The specific terms of the contract of insurance are not before us, but the undenied allegations of the defendant's answer show that this contract did cover at least the specific risks which in fact caused the loss and it is acknowledged by the parties in this court that a builders risk policy is the one involved. It is not necessary for us to know all the hazards insured against, but it is common knowledge of course that builders risk and fire and extended coverage insurance include much more than windstorm damage and also that a builders risk policy commonly covers material, normally the contractor's property, not yet incorporated in the building. In this case under the terms of the construction contract both the contractor and the owner were to furnish materials, but the only specific provision on the point was that the owner would furnish most of the materials.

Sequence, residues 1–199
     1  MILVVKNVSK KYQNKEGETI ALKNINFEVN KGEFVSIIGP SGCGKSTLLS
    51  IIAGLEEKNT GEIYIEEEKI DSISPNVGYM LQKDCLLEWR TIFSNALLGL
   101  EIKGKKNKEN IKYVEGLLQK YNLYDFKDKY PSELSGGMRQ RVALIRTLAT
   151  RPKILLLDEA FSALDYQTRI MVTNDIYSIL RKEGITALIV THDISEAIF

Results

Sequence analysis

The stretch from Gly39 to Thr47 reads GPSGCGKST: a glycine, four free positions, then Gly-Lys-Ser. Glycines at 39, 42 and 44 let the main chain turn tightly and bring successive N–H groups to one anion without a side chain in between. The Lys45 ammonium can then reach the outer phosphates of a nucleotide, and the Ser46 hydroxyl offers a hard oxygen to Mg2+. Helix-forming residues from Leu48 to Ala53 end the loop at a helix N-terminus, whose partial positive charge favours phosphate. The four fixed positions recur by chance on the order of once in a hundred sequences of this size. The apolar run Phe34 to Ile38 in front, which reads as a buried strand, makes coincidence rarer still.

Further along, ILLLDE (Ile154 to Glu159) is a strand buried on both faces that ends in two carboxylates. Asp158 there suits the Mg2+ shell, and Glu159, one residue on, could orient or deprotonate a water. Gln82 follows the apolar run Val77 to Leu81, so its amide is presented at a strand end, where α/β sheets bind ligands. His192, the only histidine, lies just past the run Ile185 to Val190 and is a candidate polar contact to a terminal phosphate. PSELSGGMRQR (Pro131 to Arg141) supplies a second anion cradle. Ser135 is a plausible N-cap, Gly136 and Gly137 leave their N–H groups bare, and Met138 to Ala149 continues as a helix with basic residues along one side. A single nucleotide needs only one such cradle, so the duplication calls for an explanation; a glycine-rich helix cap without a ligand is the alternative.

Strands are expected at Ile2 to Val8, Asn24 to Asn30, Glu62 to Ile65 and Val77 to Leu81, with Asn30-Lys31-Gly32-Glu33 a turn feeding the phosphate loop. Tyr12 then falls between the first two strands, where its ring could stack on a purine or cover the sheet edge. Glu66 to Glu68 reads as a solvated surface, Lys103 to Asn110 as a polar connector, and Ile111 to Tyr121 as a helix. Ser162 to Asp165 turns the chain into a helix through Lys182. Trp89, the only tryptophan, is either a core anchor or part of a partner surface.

In the absence of some contractual provision to the contrary the risk of loss by windstorm, fire, etc., to a new building in the course of construction is normally on the builder, that is, he is obligated to restore the building damaged or destroyed. Annotation, Building ContractDestruction, 53 A.L.R. 105; Board of Education, Woodbridge Tp. v. Kane Acoustical Co., Inc., 51 N.J.Super. 319, 143 A.2d 853. A building contractor who makes a contract to construct a building has during the course of construction an insurable interest in the building. Annotation, InsuranceBuilder's Risk, 94 A.L.R.2d 226, 234; German Fire Ins. Co., v. Thompson, 43 Kan. 567, 23 P. 608; Sammons & Bishop v. American Fire Ins. Co., 94 S.C. 366, 77 S.E. 1108. The owner, of course, also has an insurable interest in the building under construction. Lititz Mut. Ins. Co. v. Lengacher, 7 Cir., 248 F.2d 850; Annotation, Insurance Builder's Risk, 94 A.L.R.2d 227, 237. Both interests can be and sometimes are insured in the same policy. Annotation, Insurance Builder's Risk, 94 A.L.R.2d 229, 260. It is apparent therefore that when the parties entered into the contract both had interest to protect against loss. It is evident that if each was interested only in protecting himself from loss each could have purchased his own insurance and he need not have consulted the other about it. The reason for including a specific provision for "Builders risk or fire and extended coverage insurance . . . paid for by the Onwer" could be only to protect the separate interest of both parties and to determine how the cost thereof was to be paid. Under the terms of this construction contract the cost of the insurance was to be paid by the owner rather than included in the costs of the contractor and then charged back to the owner as part of the contract price.